2. Engage in pleasantries at the start and end of your conversation. Other people need them to establish a bond with you. Professor of Anthropology Robin Dunbar calls it 'social grooming' in his book Grooming, Gossip and the Evolution of Language.

  3. Be interested in their world and let them into yours. You value privacy highly; however, a little self-disclosure will help people to establish trust with you. They are sharing with you for the same reason.

  4. Wait until they ask before you go into the detail about what and how you do what you do. You may not notice, but others will glaze over long before you get bored. Research shows (again from Daniel Goleman) that you only have someone's full attention for four sentences. So practice being succinct and giving an overview.


If you have a different style and find Examiners hard work then do read on. Examiners are a fount of information and great people to bounce your ideas off as they will ask the detailed questions and check your assumptions.

Once on your side, they will give you high-quality introductions as they will have checked them out properly first. So how can you adapt?

  1. Be reserved. Examiners don't do high emotion. So tone it down a bit and leave out the drama. They value their privacy so wait for them to offer personal information rather than ask for it. The same goes for sharing your personal information.

  2. Be accurate. They will take you literally so the expression "be careful what you ask for as you might get it" applies here. They are also really hot on spotting grammar and typos so do proof read your written communications.

  3. Provide the detail. They will not act on suggestions and, as my title suggests, these are the people who when they ask for more information really want it. Check with them what information they need don't assume you know.

  4. Allow them to give you lots of information. They will think you're not interested if you don't allow them to explain the detail. They believe you should not make a decision without the full facts. Be prepared for long conversations and if you don't have the time there and then, say so and arrange how you can get the information. Remember this is information on business not on personal subjects. Examiners find it hard to join in with small talk and gossip.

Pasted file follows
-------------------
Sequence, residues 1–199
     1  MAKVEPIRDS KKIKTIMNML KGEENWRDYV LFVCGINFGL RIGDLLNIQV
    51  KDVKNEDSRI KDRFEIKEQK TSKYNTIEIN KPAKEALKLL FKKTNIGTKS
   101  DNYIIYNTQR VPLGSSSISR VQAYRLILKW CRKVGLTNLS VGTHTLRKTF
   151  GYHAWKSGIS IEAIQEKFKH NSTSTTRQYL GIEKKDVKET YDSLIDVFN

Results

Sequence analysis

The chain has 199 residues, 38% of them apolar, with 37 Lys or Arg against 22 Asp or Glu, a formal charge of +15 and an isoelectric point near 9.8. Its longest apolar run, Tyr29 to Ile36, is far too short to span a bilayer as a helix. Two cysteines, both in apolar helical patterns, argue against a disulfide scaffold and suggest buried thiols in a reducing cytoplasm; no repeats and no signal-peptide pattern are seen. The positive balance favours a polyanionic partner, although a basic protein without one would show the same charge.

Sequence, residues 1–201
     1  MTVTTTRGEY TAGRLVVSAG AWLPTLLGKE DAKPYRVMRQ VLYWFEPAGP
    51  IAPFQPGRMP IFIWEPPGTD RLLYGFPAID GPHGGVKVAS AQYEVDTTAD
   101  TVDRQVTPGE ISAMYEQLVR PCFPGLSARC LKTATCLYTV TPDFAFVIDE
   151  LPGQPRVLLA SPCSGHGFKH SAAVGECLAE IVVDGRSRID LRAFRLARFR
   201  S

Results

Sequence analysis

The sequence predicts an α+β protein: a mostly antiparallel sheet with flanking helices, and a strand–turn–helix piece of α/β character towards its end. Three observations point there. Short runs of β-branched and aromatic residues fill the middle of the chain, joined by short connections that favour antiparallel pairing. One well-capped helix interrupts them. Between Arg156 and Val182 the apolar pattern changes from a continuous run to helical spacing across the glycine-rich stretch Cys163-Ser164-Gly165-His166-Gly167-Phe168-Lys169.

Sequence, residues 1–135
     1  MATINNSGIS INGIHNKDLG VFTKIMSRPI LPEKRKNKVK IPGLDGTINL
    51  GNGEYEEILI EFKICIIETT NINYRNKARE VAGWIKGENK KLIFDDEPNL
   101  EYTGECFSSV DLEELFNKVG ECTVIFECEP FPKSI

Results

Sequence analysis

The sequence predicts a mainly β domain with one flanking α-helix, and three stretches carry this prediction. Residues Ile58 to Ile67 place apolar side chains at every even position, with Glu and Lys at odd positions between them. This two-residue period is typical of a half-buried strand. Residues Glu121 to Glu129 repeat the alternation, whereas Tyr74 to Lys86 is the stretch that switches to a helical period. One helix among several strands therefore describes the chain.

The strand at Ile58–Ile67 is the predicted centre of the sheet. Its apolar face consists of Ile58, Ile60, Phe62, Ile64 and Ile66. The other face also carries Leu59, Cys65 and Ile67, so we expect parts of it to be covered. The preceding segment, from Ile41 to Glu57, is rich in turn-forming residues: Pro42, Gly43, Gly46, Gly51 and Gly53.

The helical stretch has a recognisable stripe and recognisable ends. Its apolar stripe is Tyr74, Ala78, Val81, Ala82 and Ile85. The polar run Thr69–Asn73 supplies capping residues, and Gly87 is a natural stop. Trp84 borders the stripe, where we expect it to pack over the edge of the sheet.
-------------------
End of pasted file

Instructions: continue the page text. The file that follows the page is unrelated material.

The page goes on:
5. Report back the evidence on what worked. Examiners work on evidence so supply the data on what actually happened as a result, more than just proclaiming "it was fantastic!". It will stimulate them to help you further.


There is a lot more I could add to this blog post, but I've already gone way over the recommended word count! If you're interested to learn more about how to influence people with different styles do come on my workshop this January.

Here's where you can get more information and reserve your place.

Until next time ...

JACKY SHERMAN


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Précis (3)





More about Jacky Sherman ...

I help people build and maintain productive working relationships both with their work colleagues and with a wider network to win more business. I do this by combining my skills in coaching, mediation and training with my extensive experience in senior management.

What I love most about my work is when my clients get those “aha” moments because I know they have seen for themselves the way that they want to move forwards. Then they will achieve their ambitions.

Helping people who are having challenges with their working relationships gives me enormous pleasure. It was my privilege when working in health care to see how people working together can make the impossible seem easy and accomplish miracles as a result.

So helping people build or restore strong relationship with their colleagues makes even the hardest work easier, alleviates distress for the individual and reduces problems for the whole organisation.

In all this work trust is an essential ingredient to winning business so most of my work comes through referrals. Referrals come through strong business relationships so it was a natural extension for me to work with Ascentiv and train others in how to get consistent and predictable referrals from their network.

What a fantastic way to earn a living!